Writing Data-Driven Code in Unity : Event Chains

Hello! So today I will continue working with EventNodes! I will go over a couple of ways on how you can run EventNodes. Let’s get started!!

One of the most simple and also handy ways to execute an EventNode is using Unity’s Event Functions (e.g Start, OnEnable, Update). Here’s an example of one of them that fires the EventNode on Start:

I find that having these allows me to fire small events here and there where no other logic matters (i.e. toggling game objects, play particles or audio).

Now I will go over the method I tend to use to run events for gameplay mechanics and that is EventChains! They allow me to change events on the fly and run them from anywhere I want. The EventChain class is similar to the sequence composite in a Behaviour Tree structure, where it runs through a list of nodes. The major difference is that it runs the nodes in a coroutine, making it possible to handle the continue status in nodes. I’ve tried running event chains using the Update function, without using coroutines. However, this method is not very optimal since the Update function is executed every frame, even if you are not ‘using’ it. Here’s what the script looks like:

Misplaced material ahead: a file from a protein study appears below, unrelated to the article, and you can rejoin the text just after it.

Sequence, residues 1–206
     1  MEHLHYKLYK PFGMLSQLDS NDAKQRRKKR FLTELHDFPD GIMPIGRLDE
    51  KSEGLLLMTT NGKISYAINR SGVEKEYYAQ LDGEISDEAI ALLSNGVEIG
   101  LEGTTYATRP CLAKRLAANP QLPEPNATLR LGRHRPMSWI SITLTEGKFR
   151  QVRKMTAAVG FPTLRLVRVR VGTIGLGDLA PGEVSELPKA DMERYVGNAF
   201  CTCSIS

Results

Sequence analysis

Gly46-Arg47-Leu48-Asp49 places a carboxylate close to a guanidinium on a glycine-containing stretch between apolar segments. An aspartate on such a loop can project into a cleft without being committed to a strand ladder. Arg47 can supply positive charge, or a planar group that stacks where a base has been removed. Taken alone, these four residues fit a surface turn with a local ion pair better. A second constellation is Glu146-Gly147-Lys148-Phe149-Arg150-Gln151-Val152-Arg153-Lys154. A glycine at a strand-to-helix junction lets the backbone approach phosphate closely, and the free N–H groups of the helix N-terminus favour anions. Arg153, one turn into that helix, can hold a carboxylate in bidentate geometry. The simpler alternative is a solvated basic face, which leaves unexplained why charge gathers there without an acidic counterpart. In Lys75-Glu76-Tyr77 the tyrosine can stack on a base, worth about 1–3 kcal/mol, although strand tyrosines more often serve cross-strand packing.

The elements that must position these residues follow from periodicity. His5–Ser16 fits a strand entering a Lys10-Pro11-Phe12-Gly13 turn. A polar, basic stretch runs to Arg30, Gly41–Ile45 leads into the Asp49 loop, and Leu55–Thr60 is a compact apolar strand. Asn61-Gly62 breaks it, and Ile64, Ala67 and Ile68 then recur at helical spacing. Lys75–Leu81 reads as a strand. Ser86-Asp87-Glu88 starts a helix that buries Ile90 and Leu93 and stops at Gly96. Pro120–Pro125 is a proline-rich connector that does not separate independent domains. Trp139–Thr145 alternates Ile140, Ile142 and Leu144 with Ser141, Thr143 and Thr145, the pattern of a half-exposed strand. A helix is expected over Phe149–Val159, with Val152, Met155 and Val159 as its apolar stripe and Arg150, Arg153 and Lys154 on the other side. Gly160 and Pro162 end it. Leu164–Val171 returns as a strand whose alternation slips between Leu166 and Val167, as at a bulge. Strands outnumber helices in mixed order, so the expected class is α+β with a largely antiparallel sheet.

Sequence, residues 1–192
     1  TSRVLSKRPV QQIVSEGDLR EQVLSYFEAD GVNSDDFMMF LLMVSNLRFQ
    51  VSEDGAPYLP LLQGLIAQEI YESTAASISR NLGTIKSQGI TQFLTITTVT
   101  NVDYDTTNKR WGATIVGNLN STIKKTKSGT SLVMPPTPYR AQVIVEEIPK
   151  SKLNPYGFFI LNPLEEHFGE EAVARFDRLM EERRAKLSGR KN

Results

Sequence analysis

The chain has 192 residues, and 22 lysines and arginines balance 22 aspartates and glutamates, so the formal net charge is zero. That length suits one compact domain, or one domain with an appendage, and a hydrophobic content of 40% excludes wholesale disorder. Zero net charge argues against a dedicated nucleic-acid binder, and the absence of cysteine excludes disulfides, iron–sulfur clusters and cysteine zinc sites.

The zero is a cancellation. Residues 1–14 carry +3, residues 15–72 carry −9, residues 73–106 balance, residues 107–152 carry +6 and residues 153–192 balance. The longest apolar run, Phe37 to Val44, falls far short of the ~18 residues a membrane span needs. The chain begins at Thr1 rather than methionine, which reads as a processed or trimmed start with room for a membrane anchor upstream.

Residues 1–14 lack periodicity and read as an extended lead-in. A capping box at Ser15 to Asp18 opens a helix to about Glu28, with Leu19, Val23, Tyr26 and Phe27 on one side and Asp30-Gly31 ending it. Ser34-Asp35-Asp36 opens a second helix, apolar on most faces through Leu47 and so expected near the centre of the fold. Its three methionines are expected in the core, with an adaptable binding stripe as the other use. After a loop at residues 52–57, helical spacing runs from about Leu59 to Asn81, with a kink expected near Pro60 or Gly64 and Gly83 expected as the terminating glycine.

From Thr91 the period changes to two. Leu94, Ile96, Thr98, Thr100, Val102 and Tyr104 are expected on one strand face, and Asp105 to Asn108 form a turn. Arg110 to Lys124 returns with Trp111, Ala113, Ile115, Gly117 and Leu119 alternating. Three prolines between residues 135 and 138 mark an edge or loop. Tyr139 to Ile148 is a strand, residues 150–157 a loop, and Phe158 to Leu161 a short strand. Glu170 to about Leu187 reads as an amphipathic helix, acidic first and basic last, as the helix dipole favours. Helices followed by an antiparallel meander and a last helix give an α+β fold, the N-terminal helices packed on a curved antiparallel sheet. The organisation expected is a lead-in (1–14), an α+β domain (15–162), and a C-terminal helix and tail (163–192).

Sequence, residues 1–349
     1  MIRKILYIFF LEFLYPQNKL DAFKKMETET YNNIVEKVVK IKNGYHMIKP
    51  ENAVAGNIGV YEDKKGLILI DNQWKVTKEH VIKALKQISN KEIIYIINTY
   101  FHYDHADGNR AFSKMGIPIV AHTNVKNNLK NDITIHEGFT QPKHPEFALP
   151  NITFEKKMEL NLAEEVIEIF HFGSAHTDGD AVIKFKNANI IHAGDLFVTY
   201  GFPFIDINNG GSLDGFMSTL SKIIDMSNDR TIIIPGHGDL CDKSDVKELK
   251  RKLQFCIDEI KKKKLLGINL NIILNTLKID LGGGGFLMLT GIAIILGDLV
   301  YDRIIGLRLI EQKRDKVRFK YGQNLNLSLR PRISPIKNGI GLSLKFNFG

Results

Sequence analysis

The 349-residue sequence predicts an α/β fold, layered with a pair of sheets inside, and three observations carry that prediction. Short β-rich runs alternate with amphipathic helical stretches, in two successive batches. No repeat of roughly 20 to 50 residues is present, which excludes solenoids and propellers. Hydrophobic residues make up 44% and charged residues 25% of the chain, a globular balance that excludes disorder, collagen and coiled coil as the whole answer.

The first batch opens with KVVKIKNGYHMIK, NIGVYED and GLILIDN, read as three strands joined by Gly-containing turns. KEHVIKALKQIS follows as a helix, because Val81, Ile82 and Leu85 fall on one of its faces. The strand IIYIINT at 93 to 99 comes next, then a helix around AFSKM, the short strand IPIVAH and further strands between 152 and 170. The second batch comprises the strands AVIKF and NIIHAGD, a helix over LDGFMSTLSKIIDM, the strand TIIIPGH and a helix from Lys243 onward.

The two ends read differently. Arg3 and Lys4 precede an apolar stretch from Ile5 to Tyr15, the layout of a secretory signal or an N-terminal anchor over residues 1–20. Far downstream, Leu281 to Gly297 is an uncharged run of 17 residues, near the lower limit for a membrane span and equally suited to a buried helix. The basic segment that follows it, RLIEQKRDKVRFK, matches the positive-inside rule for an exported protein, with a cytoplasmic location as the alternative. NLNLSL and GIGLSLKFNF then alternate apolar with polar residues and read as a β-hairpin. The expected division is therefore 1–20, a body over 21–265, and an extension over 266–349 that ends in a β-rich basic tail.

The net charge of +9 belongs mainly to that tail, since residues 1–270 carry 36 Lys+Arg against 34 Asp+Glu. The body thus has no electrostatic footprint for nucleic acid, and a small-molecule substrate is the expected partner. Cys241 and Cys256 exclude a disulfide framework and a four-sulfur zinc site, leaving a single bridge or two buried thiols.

Anytime I want to execute a chain of events, I just gotta call the execute function. It could be when an entity gets hit, or is destroyed for instance. If you create the right set of event nodes, these could also help you create your own cinematic shots! It is up to you how you want to use these tools! I have also used it in the past to break down input control (i.e. when mouse button is pressed down), however I find that this just makes things a bit more complicated and messy!

This completes the section on data-driven events, however I am thinking that I will go over on examples to show you how you can use global variables in gameplay mechanics or other systems for your game. Until then. 🙂

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